Seal Crawl : To start the race, students line up along a line on the floor, on their belly. On the start command, they straighten their arms and use only their hands and stiff arms to crawl forward with their crossed legs limp and body trailing. If your knees touch the floor, or if your arms give out, you are out of the race. The winner is the person with their head over the finish line first.
The Knee hop Kneel on floor with toes straight. Swing arms back.... and launch your body up and out... to a squatting position. The furthest distance wins.
The Airplane Lying face down with arms stretched outwards, the player is lifted up by his ankels and wrists and carried. The player who can maintain the airplane position the longest wins.
The walrus Twist your arms backwards and drag your feet.
The Knuckle hop The player lies face down on the floor and positions himself like doing push ups with his hands like fists, putting all the weight on the knuckles. Lifting up his legs off the floor the player bounces forward on his fists. The player who goes the furthest distance wins.
The Musk Ox Push With both players on their hands and knees, and heads bent down against each others' shoulders, they attempt to push each other forward out of a designated area. Hands must be kept on the floor.
One Foot High Kick One of the most difficult and visually impressive events, the one foot high is accomplished by sweeping arms from behind to front, jumping from two feet as high as possible while kicking a hanging target then coming down to a controlled landing on the kicking foot.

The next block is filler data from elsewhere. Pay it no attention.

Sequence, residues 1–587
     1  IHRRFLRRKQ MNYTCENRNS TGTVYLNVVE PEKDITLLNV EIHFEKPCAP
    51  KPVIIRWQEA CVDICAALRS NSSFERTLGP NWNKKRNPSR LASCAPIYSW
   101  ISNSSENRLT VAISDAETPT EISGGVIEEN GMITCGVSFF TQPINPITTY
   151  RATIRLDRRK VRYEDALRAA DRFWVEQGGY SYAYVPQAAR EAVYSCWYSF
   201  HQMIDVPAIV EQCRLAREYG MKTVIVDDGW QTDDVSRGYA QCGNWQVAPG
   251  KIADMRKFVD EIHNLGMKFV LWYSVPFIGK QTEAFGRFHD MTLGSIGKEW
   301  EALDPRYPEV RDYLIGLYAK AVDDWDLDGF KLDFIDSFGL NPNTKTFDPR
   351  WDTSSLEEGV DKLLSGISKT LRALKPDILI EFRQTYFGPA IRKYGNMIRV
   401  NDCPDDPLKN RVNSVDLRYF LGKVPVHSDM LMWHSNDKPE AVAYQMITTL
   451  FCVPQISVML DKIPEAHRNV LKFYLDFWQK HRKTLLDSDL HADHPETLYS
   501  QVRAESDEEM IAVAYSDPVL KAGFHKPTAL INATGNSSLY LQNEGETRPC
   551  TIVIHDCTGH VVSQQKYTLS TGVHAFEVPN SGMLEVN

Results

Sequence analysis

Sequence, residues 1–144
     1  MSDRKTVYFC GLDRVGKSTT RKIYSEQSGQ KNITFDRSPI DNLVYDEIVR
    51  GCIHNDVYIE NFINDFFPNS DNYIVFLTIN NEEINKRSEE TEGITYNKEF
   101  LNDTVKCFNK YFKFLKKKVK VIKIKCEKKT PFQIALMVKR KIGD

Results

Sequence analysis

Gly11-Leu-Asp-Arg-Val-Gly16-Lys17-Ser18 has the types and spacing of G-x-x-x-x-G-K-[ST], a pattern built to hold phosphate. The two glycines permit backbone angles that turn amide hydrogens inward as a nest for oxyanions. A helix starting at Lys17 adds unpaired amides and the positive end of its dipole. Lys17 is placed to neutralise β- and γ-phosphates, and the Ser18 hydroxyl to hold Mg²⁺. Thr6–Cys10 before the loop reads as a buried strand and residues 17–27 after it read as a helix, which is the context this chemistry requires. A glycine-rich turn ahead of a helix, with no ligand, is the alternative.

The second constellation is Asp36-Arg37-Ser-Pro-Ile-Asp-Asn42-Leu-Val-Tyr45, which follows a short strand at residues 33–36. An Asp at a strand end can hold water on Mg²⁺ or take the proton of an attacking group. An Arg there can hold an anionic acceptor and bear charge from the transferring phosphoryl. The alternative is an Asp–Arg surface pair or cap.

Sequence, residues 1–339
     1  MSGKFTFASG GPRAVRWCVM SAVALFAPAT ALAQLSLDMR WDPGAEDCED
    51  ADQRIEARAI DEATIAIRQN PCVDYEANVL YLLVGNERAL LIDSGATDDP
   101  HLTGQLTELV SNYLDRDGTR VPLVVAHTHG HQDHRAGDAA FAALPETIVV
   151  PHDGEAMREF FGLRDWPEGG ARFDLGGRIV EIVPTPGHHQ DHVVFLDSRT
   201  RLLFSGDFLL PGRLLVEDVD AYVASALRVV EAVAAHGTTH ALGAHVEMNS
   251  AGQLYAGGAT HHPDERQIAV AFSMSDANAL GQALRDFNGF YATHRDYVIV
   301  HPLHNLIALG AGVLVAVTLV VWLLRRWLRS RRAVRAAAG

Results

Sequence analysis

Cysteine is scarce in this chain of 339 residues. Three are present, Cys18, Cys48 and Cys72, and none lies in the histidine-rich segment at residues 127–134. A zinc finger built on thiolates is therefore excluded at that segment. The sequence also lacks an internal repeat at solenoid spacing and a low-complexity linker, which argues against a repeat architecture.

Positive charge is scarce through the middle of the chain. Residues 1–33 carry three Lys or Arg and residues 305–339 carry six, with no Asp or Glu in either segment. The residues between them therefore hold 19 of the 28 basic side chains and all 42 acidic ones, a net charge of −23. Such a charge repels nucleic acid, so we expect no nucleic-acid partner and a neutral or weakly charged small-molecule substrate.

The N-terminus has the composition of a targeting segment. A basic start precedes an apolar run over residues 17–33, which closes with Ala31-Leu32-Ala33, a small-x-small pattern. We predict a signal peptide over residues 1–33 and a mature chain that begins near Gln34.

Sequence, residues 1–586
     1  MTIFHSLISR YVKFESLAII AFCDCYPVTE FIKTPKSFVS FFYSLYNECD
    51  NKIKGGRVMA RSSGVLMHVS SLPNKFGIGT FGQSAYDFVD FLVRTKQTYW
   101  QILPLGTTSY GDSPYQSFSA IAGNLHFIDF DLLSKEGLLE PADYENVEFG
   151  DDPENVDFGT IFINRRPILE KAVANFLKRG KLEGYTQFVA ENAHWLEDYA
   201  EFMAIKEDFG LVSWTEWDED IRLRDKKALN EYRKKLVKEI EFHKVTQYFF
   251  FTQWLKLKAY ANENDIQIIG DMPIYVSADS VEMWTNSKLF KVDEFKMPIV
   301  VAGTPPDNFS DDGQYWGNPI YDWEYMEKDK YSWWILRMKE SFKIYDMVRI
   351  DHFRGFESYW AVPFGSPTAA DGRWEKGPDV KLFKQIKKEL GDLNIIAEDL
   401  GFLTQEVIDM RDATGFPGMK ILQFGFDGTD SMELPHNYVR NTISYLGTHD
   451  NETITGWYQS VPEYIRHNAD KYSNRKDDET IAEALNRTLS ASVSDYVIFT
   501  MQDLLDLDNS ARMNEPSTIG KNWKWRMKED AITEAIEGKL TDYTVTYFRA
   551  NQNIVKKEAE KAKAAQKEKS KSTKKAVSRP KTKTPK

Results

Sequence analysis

Two Feet High Kick Basically it is the same concept as the one foot high kick only the target is kicked with two feet and the player must land on two feet.
Alaskan High Kick 1. To play this game, the player sits on the floor with one hand holding the opposite foot. The target is above the player. 2. The player places his free hand onto the floor and then jumps up and tries to kick the target as high as he can with his free foot. 3. If the player has successfully kicked to target he must then land in his original position.
Stick pull In this event, two athletes face each other sitting on the ground with their feet pressed together and knees bent. A stick is placed between them where their feet meet. Each athlete grabs the stick, positioning their hands so that one person's hands are on the inside, and the other's hands are on the outside. All hands must be touching. Using the legs, arms, back, and a sure grip, the contestants then attempt to pull the stick away from their opponent. The winner is that person who is either able to pull the opponent over, or who can pull the stick out of the opponent's hands. Each round, the athletes will alternate positioning of their hands. Strength is important when bringing a seal up from the hole in the ice.
The traditional Northern Games originate from the time when the Inuvialuit were still semi-nomadic and are played for both fun and survival, developing strength, endurance, and resistance to pain, or when groups from different areas visited. Today, the annual Northern Games keeps the traditions of celebration, gathering, and sharing alive.
Materials Virtual Museum of Canada (descriptions of traditional Inuit games): http://www.virtualmuseum.ca/Exhibitions/Traditions/English/inuit_games_05.html Copies of directions on playing traditional Inuit games: http://www.athropolis.com/news-upload/master/11-frames.htm CBC Archive, “Arctic Winter Games”: http://archives.cbc.ca/sports/more_sports/topics/1194/ Arctic Winter Games Website: http://www.awg.ca/ Inuit Cultural On Line Resource: http://icor.ottawainuitchildrens.com/node/21 http://www.sila.nu/pub/lessons/SILA_InuitGamesLesson.pdf Beyond pinguins and polar bears: http://beyondpenguins.nsdl.org/ Arctic Classroom Travel Resources: http://www.ccproject.org/travel/arctic/games Kativik School Board http://kativik.net/